What kind of difference can fifteen minutes make?
Yesterday, I was delighted to chat via Skype with David Jakes, Patrick Higgins, John Maklary, Robin Ellis, and Joel Adkins during a workshop for Teacher/Leaders in our district. The theme of our workshop was connections and how teacher leaders in a school help begin epidemics, springing off the idea of connectors, mavens, and salesmen in Malcolm Gladwell’s book The Tipping Point.
During the conversation, we talked about the benefits of connecting with other educators, but also some of the obstacles. David Jakes’ comment particularly resonated with me. He commented that he refused to accept the statement that there isn’t enough time. He asked if we couldn’t make 15 minutes in our day for learning for ourselves.
I’ve been thinking about that whole issue of time for teachers. Educators are very accustomed to taking care of others, and sometimes we forget to put the oxygen masks on ourselves first, as the cliche goes.
And while I know that our time is finite, hearing David’s challenge caused me to ponder what it would be like for each educator to carve out that fifteen minutes, to sit with a cup of coffee and just learn something–to create that “space” for ourselves, instead of dashing about declaring we don’t have enough time to learn or add one new thing.
It strikes me that by making that time in our day, setting some boundaries for it, and making it a routine, we could each build a practice that was rewarding both in terms of learning, but also in terms of supporting ourselves.
This time of year, it’s sometimes hard to get going in the mornings. Many mornings I think of the scene in All That Jazz, when Roy Scheider prepares for work the same way each morning, and at the end of his somewhat bleary-eyed routine, stands in front of his mirror and says, “It’s showtime, folks.”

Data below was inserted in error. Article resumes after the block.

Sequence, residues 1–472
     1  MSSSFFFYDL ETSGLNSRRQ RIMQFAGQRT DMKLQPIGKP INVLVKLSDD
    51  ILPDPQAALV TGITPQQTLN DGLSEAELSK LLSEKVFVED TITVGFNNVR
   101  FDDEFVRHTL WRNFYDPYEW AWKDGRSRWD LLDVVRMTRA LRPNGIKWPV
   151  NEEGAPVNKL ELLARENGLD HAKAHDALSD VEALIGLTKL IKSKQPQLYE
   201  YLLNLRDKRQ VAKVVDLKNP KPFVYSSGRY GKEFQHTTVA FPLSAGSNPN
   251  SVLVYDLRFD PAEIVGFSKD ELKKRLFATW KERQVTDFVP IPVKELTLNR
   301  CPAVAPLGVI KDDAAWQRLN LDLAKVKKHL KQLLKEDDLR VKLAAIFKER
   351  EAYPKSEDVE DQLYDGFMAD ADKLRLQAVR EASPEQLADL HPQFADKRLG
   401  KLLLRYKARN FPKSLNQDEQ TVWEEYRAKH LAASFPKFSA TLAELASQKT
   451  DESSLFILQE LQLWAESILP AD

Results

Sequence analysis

But I’ve found a way to motivate myself by listening to podcasts on the way to work. My commute isn’t very long–in fact, it’s just 15 minutes. But in that fifteen minutes, I learn from some of the best educators in the world, some of the best writers for the New York Times, and I always walk away with an idea to try, or a new way to think of things, and then I can’t wait to get into the library. So I know the difference that fifteen minutes can make.
Carrying that idea further, what if we provided personal “learning time” the same way we utilize “uninterrupted sustained silent reading” time in classrooms? We could call it “uninterrupted sustained silent learning.” What would it be like to hand that time to students and to teachers in a school as a principal, and say, this is your fifteen minutes? This is YOUR time to learn what YOU need to learn.
So….what would you do with your fifteen minutes?
Thanks again to David, Joel, Patrick, Robin and John for joining us yesterday–as always the conversation has deepened my own thinking.
(Postscript: And in some random coincidence, when I was linking to David’s blog to add to this post, I discovered he had written a post about the Tipping Point–I hadn’t even realized that when I invited him to participate in our workshop!)